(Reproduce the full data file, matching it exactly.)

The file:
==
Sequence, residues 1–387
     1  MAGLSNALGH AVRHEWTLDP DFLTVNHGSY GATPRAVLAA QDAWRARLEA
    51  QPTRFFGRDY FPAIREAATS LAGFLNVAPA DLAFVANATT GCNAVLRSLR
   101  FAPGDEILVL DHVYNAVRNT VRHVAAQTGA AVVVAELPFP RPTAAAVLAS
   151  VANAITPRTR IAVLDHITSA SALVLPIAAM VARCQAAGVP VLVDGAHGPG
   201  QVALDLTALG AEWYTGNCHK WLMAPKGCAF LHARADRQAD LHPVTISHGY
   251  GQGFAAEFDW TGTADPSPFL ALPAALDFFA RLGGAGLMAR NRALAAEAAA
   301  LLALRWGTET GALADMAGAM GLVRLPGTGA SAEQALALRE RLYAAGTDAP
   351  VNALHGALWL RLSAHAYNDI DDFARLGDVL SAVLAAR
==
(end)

Sequence, residues 1–387
     1  MAGLSNALGH AVRHEWTLDP DFLTVNHGSY GATPRAVLAA QDAWRARLEA
    51  QPTRFFGRDY FPAIREAATS LAGFLNVAPA DLAFVANATT GCNAVLRSLR
   101  FAPGDEILVL DHVYNAVRNT VRHVAAQTGA AVVVAELPFP RPTAAAVLAS
   151  VANAITPRTR IAVLDHITSA SALVLPIAAM VARCQAAGVP VLVDGAHGPG
   201  QVALDLTALG AEWYTGNCHK WLMAPKGCAF LHARADRQAD LHPVTISHGY
   251  GQGFAAEFDW TGTADPSPFL ALPAALDFFA RLGGAGLMAR NRALAAEAAA
   301  LLALRWGTET GALADMAGAM GLVRLPGTGA SAEQALALRE RLYAAGTDAP
   351  VNALHGALWL RLSAHAYNDI DDFARLGDVL SAVLAAR